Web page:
HDD 512GB Samsung SM951 M.2 PCI-e 3.0 SSD, 500GB Samsung Evo SSD
Motherboard ASUS X99 Deluxe USB 3.1
Power Contribute Corsair HX1200i
Cooling Corsair H110i GT liquid cooler
Monitor Asus ROG Quick PG27AQ 4K

With the Pascal architecture being so much of a known quantity at this aim (for more on Pascal, check out the GTX 1080 review), there are few surprises when it do to performance and overclocking. With a few clicks, it’s easy to get the Founders Edition GTX 1070 Ti up to 2012MHz on the substance clock and 8100MHz on memory. There’s definitely a little more headroom there for those complaisant to tweak voltages or watercool, but for the vast majority of people, firing up MSI Afterburner and effective a couple of sliders around nets a substantial boost in performance.

As without exception I pushed the GTX 1070 Ti through a range of games and synthetic benchmarks on the criterion graphics card test system. Both the benchmarks and the system are in call for of an overhaul after a couple of years of testing (a large project, as you can believe) but remain relevant for this generation of GPUs. Each game was probed at 1080p, 1440p, and UHD (4K) resolutions at high or ultra settings at stock celerities. On the synthetics and science side there’s the standard 3DMark Firestrike benchmark (again, run across three issues), as well as LuxMark 3.0 and CompuBench to test compute performance.

At array speeds, performance is exactly where you’d expect it to be, particularly given the amount. The GTX 1070 Ti is much faster than a GTX 1070 and a wee bit slower than a GTX 1080. Depending on the distraction and resolution, it’s as much as a 25 percent boost over the GTX 1070 and as much as a 10 percent fall off over the GTX 1080. The sweet spot is certainly 1440p gaming, where there are strong performance gains to be had from the extra CUDA cores. Unfortunately, I demand not been able to get hold of any AMD RX Vega cards to test, but the swathe of processions at dedicated hardware sites show that the GTX 1070 Ti is at least as substantial, if not a little better, at stock speeds.

The GTX 1070 Ti comes into its own when overclocked. With the 2012MHz pit clock and 8100MHz memory clock in place, performance is as good as a beasts GTX 1080, and in some cases even better. The biggest gains are at 1080p, but retaliate at 1440p and 4K an overclocked GTX 1070 Ti comes close to a GTX 1080. Then again, if you’re overclocking anyway, an overclocked GTX 1080 is undisturbed better still.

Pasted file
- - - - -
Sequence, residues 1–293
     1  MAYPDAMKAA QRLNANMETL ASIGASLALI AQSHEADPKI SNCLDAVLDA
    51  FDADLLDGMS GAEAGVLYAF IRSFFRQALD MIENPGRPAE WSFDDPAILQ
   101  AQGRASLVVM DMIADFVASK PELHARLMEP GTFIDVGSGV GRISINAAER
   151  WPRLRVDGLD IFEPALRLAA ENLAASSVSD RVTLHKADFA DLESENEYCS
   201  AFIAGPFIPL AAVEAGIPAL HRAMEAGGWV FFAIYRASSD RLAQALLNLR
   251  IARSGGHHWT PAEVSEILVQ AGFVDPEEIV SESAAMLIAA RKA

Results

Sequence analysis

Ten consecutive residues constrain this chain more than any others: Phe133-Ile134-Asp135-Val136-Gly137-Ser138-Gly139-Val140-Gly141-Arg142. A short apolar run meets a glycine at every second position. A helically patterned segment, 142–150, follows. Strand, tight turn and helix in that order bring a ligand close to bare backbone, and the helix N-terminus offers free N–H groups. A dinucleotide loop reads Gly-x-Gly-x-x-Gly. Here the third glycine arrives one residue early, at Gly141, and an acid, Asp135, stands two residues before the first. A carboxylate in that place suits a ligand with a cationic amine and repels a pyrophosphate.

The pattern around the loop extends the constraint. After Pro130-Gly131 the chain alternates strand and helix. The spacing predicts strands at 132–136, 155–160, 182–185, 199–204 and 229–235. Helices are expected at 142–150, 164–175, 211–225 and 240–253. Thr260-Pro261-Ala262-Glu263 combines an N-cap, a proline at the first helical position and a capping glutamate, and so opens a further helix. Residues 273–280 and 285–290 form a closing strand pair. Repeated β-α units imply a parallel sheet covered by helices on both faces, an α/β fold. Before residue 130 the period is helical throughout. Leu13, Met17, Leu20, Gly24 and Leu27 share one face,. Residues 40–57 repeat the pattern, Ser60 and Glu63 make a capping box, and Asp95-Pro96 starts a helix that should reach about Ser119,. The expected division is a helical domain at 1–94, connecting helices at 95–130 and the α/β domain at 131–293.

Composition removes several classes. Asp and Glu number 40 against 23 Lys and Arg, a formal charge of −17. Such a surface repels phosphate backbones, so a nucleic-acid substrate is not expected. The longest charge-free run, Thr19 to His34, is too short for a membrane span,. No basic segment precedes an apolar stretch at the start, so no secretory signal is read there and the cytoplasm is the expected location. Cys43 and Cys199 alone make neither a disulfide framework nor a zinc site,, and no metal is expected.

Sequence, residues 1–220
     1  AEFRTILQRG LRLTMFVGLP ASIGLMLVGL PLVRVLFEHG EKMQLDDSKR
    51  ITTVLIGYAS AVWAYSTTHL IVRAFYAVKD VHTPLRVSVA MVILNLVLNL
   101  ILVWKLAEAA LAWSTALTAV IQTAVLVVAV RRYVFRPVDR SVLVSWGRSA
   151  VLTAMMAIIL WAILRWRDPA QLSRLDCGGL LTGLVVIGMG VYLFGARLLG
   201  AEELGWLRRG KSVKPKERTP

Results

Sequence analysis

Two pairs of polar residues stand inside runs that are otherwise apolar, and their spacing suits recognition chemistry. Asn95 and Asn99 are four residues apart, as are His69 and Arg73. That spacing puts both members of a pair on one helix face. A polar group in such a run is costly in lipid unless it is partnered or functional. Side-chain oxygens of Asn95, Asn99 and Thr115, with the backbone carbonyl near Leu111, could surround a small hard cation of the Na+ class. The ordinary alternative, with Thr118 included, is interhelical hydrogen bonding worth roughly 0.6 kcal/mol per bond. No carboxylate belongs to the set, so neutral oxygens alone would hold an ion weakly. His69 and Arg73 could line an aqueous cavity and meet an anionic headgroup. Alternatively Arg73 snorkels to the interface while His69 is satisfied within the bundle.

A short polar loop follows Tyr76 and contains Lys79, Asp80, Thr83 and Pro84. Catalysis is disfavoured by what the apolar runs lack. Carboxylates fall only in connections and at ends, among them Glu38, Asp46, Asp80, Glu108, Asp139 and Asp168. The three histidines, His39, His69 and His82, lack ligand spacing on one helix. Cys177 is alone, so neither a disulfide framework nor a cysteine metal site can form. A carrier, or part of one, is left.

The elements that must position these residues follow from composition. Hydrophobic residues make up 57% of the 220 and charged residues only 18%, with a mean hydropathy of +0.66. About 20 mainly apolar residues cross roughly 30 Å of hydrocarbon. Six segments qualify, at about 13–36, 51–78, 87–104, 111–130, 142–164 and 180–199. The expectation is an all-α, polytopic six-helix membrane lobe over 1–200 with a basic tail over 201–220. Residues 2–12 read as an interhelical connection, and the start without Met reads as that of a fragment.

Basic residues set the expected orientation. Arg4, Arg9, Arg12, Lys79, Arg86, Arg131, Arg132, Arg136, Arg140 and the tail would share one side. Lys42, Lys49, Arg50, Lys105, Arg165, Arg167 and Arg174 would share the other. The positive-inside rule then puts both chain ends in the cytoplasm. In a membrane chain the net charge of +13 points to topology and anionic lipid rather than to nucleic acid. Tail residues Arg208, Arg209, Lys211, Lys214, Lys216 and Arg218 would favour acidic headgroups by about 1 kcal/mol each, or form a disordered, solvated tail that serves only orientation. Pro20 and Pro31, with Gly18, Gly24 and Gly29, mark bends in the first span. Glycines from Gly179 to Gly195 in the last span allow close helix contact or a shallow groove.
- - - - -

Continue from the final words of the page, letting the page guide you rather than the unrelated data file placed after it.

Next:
Who is this for anyway?

While the GTX 1070 Ti is great, the GTX 1070 didn’t discontinue being a brilliant graphics card overnight. It’s more power effectual than Vega 56, which makes it easier to cool and quieter beneath load, and in recent months the price has come down to as little as £370/$400 for one of Zotac’s smart mini variants, making it a good value, too. For those looking to tourney at 1440p without breaking the bank, it’s a no-brainer.

If you can stretch the budget a petty further, the GTX 1070 Ti offers an even better 1440p experience at a equivalent cost per frame. While it’s great that the price didn’t go up, it didn’t go down either. In place of of a GTX 1070 price drop, Nvidia has maintained the status quo. That’s edible business for Nvidia, but disappointing for consumers.

The biggest loser, however, is AMD. Be revenged if it was always part of Nvidia’s grand marketing plan, it’s hard to throw for a loop a break in the feeling that GTX 1070 Ti is little more than a way to lure on a few potential RX Vega 56 customers that are on the fence or struggling to get engage of a card due to short supply (if you’re particularly cynical, you could say it’s a neat way to use up some a little off GP104 GPUs, too). The AMD ecosystem might be a better value overall in consequence ofs to offerings like Freesync, but Nvidia continues to have it licked on acting. Ultimately, when buying a graphics card, that’s what materials most.

The good

  • As much as 25 percent faster than a GTX 1070 at carry speeds
  • As fast as, if not a wee bit faster, than a GTX 1080 when overclocked
  • Pascal lingers an impressively power efficient architecture

The bad

  • A GTX 1070 price cut would obtain been better value for consumers
  • Some partner cards are as dear as the GTX 1080

The ugly

  • There are some launch cards available for MSRP of £419, but how extended until miners or greedy retailers push up the price?